Marianne Williamson is a brilliant writer and thinker. I've read many of her books including A Return to Love, The Gift of Change, Illuminata, A Woman's Worth and A Year of Miracles. I am a big fan of her work and even approached A Course in Miracles, the spiritual text that she gets most of her philosophical ideas from, so inspired was I by her writing. Though in the end the Course, I found, to be not only way over my head in its dry and abstract form, written like a legal code, but unrealistic Marianne Williamson is a brilliant writer and thinker. I've read many of her books including A Return to Love, The Gift of Change, Illuminata, A Woman's Worth and A Year of Miracles. I am a big fan of her work and even approached A Course in Miracles, the spiritual text that she gets most of her philosophical ideas from, so inspired was I by her writing. Though in the end the Course, I found, to be not only way over my head in its dry and abstract form, written like a legal code, but unrealistic and almost militant. I didn't like it. But I still loved Marianne! I believe she is a brilliant writer, speaker (I've seen her speak twice!) and thinker, but I found myself struggling through this book. I am afraid someone coming to this book looking for answers to money or work issues would be disappointed. Firstly, I felt there was not a strong narrative to carry the reader through and I didn't grasp her main ideas or mission. Often I felt I was just floating through a sea of words, meandering aimlessly, with no destination in sight; it was difficult to stay engaged. The chapter names really provided the only structure, but even they were not enough. There were some suggestions on how to help with challenges in work and money, but in general I felt they were too far fetched and abstract. Ultimately, it is challenging to apply her spiritual principles to let say, getting out of bankruptcy, or having a serious problem with your work situation. In the end, I would suggest that my fellow book lovers and fans of Marianne skip this one. Maybe one day she will come out with a better version of it, or will write another book, but I wouldn't waste my time reading it. I think this is as honest as I can be about this book!

  8. 4 out of 5

    Tim Larison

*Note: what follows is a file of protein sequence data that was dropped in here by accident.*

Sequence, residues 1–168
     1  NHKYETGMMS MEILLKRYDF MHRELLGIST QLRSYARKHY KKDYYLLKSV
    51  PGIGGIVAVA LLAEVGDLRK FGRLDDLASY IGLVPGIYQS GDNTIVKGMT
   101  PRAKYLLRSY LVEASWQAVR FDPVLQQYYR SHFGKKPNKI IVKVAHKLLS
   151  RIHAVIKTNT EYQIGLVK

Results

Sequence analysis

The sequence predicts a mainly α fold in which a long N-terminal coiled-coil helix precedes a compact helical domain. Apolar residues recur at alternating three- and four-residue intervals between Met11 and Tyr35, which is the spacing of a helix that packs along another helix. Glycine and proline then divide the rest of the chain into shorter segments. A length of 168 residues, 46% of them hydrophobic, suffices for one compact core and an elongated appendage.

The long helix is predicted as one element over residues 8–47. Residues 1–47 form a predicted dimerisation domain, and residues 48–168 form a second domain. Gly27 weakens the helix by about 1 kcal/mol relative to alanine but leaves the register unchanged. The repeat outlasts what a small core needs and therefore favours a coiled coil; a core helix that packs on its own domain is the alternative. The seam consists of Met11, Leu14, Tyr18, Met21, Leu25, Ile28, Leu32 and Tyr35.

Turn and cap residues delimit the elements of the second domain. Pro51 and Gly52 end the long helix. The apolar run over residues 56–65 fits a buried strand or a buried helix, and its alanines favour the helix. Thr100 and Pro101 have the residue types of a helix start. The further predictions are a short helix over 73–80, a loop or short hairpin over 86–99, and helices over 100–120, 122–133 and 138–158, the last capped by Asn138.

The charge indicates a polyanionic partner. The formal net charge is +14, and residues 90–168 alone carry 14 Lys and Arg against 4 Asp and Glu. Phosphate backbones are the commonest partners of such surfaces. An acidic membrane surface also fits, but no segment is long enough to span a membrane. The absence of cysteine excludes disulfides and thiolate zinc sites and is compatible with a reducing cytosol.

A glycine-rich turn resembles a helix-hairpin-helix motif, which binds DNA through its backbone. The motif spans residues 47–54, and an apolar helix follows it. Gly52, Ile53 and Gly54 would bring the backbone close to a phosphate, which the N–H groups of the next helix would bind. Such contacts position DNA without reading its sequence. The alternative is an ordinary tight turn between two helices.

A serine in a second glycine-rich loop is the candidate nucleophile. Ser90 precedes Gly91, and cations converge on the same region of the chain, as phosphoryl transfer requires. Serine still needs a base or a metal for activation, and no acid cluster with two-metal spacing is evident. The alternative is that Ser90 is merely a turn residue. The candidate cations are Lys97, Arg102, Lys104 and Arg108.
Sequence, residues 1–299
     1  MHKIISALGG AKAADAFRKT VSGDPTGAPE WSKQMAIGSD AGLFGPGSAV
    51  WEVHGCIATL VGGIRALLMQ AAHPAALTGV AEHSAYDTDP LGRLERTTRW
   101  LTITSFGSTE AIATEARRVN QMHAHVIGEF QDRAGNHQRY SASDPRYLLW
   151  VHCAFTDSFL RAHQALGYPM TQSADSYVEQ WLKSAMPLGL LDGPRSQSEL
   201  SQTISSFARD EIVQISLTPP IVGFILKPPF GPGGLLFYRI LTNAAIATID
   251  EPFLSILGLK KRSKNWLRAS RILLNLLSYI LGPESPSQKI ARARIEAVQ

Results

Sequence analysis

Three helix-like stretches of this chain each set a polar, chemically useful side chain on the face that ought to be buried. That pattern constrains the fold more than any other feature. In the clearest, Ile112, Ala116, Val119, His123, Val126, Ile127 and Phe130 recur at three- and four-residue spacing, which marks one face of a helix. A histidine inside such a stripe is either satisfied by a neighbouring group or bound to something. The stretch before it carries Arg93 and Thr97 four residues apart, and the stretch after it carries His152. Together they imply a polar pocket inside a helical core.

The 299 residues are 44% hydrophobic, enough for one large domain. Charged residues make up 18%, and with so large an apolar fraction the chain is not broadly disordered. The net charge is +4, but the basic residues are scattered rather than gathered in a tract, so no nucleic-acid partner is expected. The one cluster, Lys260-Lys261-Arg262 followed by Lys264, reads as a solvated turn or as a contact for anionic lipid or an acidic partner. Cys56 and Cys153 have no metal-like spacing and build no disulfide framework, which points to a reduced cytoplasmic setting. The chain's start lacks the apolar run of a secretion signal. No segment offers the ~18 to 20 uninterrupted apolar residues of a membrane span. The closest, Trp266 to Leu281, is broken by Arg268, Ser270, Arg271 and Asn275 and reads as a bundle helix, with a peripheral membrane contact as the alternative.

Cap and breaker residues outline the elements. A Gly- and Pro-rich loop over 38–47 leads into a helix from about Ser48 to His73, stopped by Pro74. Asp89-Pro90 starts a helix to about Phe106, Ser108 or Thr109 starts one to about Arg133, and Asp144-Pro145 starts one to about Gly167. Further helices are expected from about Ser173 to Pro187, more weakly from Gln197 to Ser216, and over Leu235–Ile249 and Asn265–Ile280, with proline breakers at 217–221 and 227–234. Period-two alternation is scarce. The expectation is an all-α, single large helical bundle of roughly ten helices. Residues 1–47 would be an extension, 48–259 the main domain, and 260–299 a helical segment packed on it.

In these difficult economic times Marianne Williamson’s new book, “The Law of Divine Compensation: On Work, Money, and Miracles” is a refreshing reminder that God’s love is the true source of our abundance. “Finance is just one of many areas where an increasingly obsolete, materially based worldview is proving to be inadequate to the challenges of the times in which we live,” Williamson writes in the preface of her book. The author’s message of God’s unconditional love trumping worldly possession In these difficult economic times Marianne Williamson’s new book, “The Law of Divine Compensation: On Work, Money, and Miracles” is a refreshing reminder that God’s love is the true source of our abundance. “Finance is just one of many areas where an increasingly obsolete, materially based worldview is proving to be inadequate to the challenges of the times in which we live,” Williamson writes in the preface of her book. The author’s message of God’s unconditional love trumping worldly possessions resonated with me. I found myself underlying passages in page after page for future reference (the most words I’ve highlighted in any book I’ve read this year). Williamson is not preaching to us from the mountain top. Similar to her writing style in other books, she is very vulnerable with her own struggles – this time in the financial realm. In “Divine Compensation” she tells a story of how she lost $10,000 early in her speaking career due to poor event planning. “Oh Daddy,” she recalls telling her father, “It was such a bomb!” Williamson describes how this personal misfortune taught her a lesson. After consoling words from her father, she relates how she chose to think about this incident was the key to transforming it to positive experience. She could either see it “as proof of utter failure and doom or as an opportunity to forgive myself and attract a miracle.” Williamson, in being open with her own shortcomings, gives the reader a sense of being counseled by a friend, rather than being lectured at by a “know it all” spiritual guru. I wasn’t expecting to read about the value of forgiveness in a book about work and money, but according to Williamson a forgiving spirit is essential in attracting our own good. “The universe knows if you were hurt and is already on the case to make right whatever wrong occurred,” she writes. “Your anger, if it lingers, throws a wrench in the machine of the miraculous universe.” In her view, “no deviation from love – on your part or anyone else’s – can keep the universe from its divine intention that your life be one of fullness and joy.” I also liked the prayers Williamson included in the book. Prayers to transform the reader’s consciousness. Can you relate to this one as I did?: “Dear God, I feel myself falling into the hole of self-pity, self-obsession, and negativity. I know I shouldn’t think this way, but I’m afraid and I cannot stop. Please replace my thoughts with Yours, dear God. I am willing to see myself and all things differently. Please send me the miracle of new eyes and ears, that I might know my greater good. Amen.” I copied this and other prayers from the book and plan refer to them often during my own times of doubt and struggle. “The Law of Divine Compensation” is the best book from Marianne Williamson I have ever read (and I have read a few, including her landmark work “Return To Love”). “You are not merely a being of the material world; you are a being of unlimited spirit,” she writes. “And in spirit there is no lack. You are not lacking, just because your circumstances are.” Williamson’s message of God’s love being our true source of fulfillment was a comfort to me, and I think it will be to you, too. I was given a complementary copy of this book for review purposes. I was not financially compensated for this post. The opinions are completely my own based on my experience.